Posted on March 15 2018
People that have recently adopted a doggy tend to think that dog training is some sort of rocket science, which is not necessarily true. A professional dog trainer has extensive knowledge and experience regarding canine psychology and behaviors. Even though it’s not the easiest thing to master, a person with no qualifications can still do a great job training a new four-legged family member. Results will come if the dog owner is constantly involved in all the steps of canine education. Constant daily attention is needed in order to teach him to avoid bad habits and form good ones.
A puppy must start being educated when he’s two months old. The first thing that the dog must learn is his name. His name should be a short word that elicits a quick and cheerful response.
Dogs learn best through association and positive reinforcement, so the name must be associated with something that he enjoys, like tasty food, toys or the patron’s affection. When rewarding a dog with food, it’s important that the owner picks something that is both tasty and safe to eat. Another important factor is to choose something small to treat him with so that he doesn’t shift his attention to chewing the bits that have fallen on the ground. He must swallow his treat and his focus should shift on you and the next reward.
There’s also a faster training method called “marker training”, which is based on Pavlov’s experiment. A clicker will be used to mark the moment, reaction and desired behavior. First, you hold the clicker in one hand, the food in the other and you say his name. When you see that he’s reacted, you use the clicker and give him the treat. Fast enough, your puppy will understand that the quick reaction to his name will trigger a positive reaction. Having correctly associated his name with being given a treat, he will quickly learn to respond to his given name. Repeat this step many times, not only when teaching him to respond to his given name, but also when you want to teach him commands. Don’t overdo it, though, because your puppy might develop the habit of waiting for a reward every time he does what you say.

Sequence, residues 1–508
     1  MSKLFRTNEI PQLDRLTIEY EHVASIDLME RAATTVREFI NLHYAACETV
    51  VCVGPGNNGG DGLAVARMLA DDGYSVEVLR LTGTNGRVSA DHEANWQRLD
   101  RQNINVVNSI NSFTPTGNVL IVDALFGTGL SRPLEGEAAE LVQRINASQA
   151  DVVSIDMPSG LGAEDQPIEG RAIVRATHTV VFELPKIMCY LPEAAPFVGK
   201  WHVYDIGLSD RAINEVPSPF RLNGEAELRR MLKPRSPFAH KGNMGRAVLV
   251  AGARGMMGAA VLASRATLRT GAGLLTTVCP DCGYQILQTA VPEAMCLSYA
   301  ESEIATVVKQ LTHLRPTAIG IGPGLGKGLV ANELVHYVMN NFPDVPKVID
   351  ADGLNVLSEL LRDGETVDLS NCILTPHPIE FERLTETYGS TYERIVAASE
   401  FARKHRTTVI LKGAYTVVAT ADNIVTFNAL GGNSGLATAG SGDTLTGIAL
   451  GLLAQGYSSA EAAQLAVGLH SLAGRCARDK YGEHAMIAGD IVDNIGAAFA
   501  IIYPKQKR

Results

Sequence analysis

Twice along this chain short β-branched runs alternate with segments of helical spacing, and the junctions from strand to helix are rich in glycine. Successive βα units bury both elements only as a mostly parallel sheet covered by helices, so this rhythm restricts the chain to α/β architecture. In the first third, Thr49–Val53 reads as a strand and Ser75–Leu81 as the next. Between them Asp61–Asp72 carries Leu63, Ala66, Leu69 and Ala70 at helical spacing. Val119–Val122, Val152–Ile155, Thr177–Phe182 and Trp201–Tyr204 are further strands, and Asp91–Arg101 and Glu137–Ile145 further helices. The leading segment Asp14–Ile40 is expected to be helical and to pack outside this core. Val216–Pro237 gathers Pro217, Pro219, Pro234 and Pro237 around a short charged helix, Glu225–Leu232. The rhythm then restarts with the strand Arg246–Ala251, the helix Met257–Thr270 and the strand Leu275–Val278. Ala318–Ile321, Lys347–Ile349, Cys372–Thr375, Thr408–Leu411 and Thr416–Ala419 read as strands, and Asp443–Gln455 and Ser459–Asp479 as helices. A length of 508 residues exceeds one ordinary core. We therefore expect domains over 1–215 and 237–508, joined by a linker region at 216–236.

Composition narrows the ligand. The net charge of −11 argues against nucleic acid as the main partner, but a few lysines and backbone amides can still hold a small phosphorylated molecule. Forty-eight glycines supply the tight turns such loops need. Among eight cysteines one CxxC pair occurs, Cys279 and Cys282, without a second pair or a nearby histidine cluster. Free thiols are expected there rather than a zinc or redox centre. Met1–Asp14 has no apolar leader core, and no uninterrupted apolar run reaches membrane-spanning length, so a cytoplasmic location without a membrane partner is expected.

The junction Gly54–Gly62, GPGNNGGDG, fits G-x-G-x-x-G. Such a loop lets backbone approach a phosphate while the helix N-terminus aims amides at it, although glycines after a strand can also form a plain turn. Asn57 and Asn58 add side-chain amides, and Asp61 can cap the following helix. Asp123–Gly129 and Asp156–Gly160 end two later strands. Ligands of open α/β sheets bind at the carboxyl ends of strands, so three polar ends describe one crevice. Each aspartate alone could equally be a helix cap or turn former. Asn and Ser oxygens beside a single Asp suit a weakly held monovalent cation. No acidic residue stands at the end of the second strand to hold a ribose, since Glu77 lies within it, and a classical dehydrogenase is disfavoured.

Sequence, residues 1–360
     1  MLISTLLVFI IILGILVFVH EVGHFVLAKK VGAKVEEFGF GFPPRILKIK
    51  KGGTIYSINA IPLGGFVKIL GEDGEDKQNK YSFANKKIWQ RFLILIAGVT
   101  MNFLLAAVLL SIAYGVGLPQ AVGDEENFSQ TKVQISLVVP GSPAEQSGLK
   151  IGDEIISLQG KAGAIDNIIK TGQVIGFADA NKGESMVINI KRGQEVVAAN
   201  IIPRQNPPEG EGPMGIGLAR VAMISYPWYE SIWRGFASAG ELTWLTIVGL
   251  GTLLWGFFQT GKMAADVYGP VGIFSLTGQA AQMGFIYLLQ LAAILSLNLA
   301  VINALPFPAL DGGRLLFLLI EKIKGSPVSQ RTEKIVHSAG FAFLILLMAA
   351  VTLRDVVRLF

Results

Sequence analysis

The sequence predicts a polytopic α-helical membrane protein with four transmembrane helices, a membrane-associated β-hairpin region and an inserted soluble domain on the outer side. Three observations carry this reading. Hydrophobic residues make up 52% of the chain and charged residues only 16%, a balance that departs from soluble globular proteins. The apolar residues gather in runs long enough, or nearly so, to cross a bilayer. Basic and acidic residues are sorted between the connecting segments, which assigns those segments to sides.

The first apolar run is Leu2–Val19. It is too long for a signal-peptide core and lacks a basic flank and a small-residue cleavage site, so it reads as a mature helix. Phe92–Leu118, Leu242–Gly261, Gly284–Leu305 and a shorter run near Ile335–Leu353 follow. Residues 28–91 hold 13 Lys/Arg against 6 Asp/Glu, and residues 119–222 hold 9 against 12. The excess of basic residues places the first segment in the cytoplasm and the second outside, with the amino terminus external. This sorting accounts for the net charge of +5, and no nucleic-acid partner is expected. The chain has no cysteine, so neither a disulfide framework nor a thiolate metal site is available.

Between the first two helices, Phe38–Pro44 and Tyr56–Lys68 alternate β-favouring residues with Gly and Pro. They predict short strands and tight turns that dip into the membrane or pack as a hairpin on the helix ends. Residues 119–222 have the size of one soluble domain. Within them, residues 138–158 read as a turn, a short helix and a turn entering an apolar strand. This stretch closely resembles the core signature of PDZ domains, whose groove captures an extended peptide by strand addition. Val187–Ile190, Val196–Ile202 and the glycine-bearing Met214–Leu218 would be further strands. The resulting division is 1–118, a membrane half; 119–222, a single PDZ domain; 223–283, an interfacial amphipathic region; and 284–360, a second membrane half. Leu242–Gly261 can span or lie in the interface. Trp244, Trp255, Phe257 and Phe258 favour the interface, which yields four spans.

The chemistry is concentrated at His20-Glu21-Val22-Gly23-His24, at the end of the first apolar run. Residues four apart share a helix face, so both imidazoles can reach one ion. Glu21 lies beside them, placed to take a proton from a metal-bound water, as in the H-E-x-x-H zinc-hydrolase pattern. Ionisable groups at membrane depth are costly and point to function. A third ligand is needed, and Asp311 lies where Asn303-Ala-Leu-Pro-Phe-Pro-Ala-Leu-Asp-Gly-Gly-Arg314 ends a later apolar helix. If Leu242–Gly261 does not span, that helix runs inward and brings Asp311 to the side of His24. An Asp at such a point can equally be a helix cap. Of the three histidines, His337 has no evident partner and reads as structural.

It’s important to wait for him to execute the command three times to five times before rewarding him. Thus, not knowing when the treat will come will motivate him to act accordingly, hoping to be rewarded for his good behavior.
Next, you should introduce your dog to the leash. Taking into account that medium or large breed puppies grow quite fast, the best choice would be to get him a leash and an adjustable collar. If you see that your dog gets anxious after being leashed, it’s very important that you ignore him because, as mentioned above, dogs learn by associating an action to a reaction. If your four-legged friend sees that getting anxious will determine you to take off his leash and collar, he will also get anxious the next time you put on his leash. On the other hand, if you’re oblivious to his anxiety, he will start to feel oblivious regarding the collar and leash. In a few days, he will regard the collar and the leash as a normal part of his life. Every pup reacts differently, so don’t worry if it will take a bit more time for him to become accustomed to the new accessories.
If you want to make him feel less anxious in the beginning, you can help him get used to being leashed by tying a 10-inch shoelace to his collar. Once he is completely alright with the shoelace attached to his collar, you can then proceed to attach an actual leash. He might be scared during the first days, but have no worry, this is completely normal. Ideally, you should take your pup for his first walk after he’s totally comfortable with his leash.
Patience and repetition will bring you the satisfaction of seeing your puppy behave and listen to your commands. There are no methods that will yield immediate and lasting results. Pay attention to his progress, constantly use positive reinforcement and watch your puppy become your loyal and loving friend.
Troy works for PremierPups, a dog adoption service that specializes in small-breed puppies. He is passionate about dog psychology and exotic dog breeds.